Despite the lack of complete data for the 2014 Fiesta, we're going to name it the safer vehicle. The reason is that it is now available with Ford's MyKey programmable safety technology. Using MyKey, a Fiesta owner can program vehicle speed alerts, vehicle speed limitations and stereo volume limits. Moreover, MyKey can program the stereo to remain muted until the seat belts are fastened, to emit incessant warnings about seat belt use and to cancel the ability to turn off safety features such as traction and stability control systems.


The Fiesta's track record for reliability isn't favorable. According to Consumer Reports, owners complain about the car's transmission, audio system, and general quality and construction. J.D. Power gives the Fiesta low ratings for quality and an average prediction for reliability.

A 3-year/36,000-mile standard warranty, a 5-year/60,000-mile powertrain warranty and a 5-year/60,000-mile roadside assistance program are included with new 2014 Fiesta models. If you select a CPO Fiesta, the powertrain warranty is extended to cover the engine and transmission for seven years or 100,000 miles, and the car is accompanied by a vehicle history report and put through a 172-point inspection. Additionally, the remaining balance of the standard warranty coverage or a 12-month/12,000-mile program, whichever is longer, is included.

Given the car's unimpressive reliability record, and because complaints revolve in part around the transmission, a CPO Fiesta makes sense if for no other reason than it provides an extra two years and 40,000 miles of powertrain warranty coverage.

Nevertheless, we're going to recommend the new car. That way, you know exactly how it has been treated and maintained since new. Just consider getting an extended warranty or leasing instead of buying.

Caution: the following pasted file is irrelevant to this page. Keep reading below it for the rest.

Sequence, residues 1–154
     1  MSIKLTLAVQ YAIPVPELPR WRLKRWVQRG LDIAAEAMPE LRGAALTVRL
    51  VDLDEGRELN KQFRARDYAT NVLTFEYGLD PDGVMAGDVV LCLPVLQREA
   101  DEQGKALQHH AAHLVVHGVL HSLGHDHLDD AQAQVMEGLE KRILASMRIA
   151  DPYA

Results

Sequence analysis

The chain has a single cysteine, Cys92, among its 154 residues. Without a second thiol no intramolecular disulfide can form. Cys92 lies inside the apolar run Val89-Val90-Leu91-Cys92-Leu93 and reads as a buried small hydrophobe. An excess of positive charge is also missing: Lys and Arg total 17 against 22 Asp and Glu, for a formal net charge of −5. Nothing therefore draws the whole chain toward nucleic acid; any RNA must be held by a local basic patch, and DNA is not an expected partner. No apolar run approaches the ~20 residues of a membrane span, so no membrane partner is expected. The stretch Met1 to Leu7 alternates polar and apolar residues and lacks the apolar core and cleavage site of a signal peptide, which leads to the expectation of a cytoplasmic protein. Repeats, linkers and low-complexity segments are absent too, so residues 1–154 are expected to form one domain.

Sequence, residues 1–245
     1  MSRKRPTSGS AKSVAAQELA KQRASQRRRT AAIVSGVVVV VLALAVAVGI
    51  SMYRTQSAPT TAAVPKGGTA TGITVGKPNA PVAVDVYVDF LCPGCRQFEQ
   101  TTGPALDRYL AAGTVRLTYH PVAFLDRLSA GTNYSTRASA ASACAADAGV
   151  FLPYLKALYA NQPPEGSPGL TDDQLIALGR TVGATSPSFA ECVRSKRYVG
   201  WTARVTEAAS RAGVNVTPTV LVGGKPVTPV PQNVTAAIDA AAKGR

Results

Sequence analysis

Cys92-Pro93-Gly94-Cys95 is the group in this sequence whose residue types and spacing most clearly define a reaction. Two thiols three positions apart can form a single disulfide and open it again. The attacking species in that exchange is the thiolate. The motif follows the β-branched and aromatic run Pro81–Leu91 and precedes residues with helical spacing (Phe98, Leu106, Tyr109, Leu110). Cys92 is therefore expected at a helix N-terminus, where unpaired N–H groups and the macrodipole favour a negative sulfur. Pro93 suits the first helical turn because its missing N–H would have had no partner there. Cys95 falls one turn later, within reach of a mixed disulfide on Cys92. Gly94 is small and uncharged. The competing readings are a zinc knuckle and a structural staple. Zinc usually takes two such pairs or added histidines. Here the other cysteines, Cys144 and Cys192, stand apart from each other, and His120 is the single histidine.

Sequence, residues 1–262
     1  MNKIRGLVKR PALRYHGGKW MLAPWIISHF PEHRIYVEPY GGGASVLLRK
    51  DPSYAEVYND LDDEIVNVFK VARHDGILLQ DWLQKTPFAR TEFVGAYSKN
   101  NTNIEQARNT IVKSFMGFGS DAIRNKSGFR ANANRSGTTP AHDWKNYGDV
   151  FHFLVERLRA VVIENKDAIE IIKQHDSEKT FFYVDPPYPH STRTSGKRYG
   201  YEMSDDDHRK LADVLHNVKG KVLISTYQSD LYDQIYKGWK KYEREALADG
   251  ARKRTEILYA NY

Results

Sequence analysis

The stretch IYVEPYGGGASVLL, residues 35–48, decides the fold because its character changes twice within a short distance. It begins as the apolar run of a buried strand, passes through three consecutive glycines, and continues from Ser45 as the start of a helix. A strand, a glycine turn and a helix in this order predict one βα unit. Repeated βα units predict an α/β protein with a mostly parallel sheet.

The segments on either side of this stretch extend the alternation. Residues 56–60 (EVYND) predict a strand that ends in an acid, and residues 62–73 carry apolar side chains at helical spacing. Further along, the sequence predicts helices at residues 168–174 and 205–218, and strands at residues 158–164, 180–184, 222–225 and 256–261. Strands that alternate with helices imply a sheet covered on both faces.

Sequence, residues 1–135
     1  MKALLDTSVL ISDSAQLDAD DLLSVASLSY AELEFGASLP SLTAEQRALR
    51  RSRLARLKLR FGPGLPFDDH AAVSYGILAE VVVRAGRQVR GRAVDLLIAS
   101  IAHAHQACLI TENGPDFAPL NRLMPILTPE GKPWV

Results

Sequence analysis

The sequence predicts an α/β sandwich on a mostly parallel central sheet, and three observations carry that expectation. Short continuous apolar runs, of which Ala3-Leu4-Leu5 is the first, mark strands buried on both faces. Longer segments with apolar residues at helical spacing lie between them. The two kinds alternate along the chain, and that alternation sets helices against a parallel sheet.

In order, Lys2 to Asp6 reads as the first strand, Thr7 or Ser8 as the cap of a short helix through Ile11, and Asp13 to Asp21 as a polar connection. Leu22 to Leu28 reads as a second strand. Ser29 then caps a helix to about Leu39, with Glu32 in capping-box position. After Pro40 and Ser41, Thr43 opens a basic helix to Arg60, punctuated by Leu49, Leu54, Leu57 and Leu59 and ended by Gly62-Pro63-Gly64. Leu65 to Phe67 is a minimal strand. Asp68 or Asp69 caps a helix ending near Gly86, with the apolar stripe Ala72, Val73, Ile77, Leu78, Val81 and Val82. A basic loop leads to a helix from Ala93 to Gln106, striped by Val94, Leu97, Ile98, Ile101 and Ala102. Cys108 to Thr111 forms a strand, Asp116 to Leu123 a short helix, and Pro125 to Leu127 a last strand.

New 2014 Fiesta models range from $14,795 for a Fiesta S sedan with a manual transmission to $26,960 for a Fiesta ST hatchback with all the extras. Those are relatively affordable prices in the new-car marketplace.

Still, a CPO Fiesta can save you thousands of dollars. AutoTrader's classifieds show prices from about $10,500 for a 2011 Fiesta S sedan with just over 38,000 miles to just under $20,000 for a 2013 Fiesta SE sedan with 60 miles on it. That's right. Sixty miles.

The thing is, that newer CPO Fiesta is basically the same price as a new one after factoring in the $500 rebate Ford is offering. Thanks to lower-interest financing offers on new Fiestas, the CPO Fiesta could actually end up costing more.

Choosing an older CPO Fiesta can save several thousand dollars even as it extends warranty coverage, but we still think getting a new one, negotiating the price to invoice and taking advantage of rebates or low-interest financing is smarter.


The Fiesta has always been one of the most sophisticated small cars. For 2014, it is enhanced with the availability of MyKey (discussed above) and, for the first time, MyFord Touch technology with a navigation system and a Sony premium audio system. SYNC AppLink continues for 2014, allowing for the operation of popular smartphone apps right from the car's touchscreen or through voice commands.

In terms of technology, the 2014 Ford Fiesta is the better car.

AutoTrader's Advice

There are three reasons to consider a CPO Fiesta instead of a new 2014 Fiesta. First, the base 1.6-liter engine gets better gas mileage without the Super Fuel Economy Package. Second, you can save a few grand by going with the CPO Fiesta. Third, the powertrain warranty is extended for the CPO Fiesta. Nevertheless, the updated 2014 Fiesta is the better car, and we think you should buy it instead, even if you need to take the low-rate, 72-month financing deal to make the payment fit your budget.

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Used 2013 Ford Fiesta
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2013 vs. 2014 Ford Fiesta - Autotrader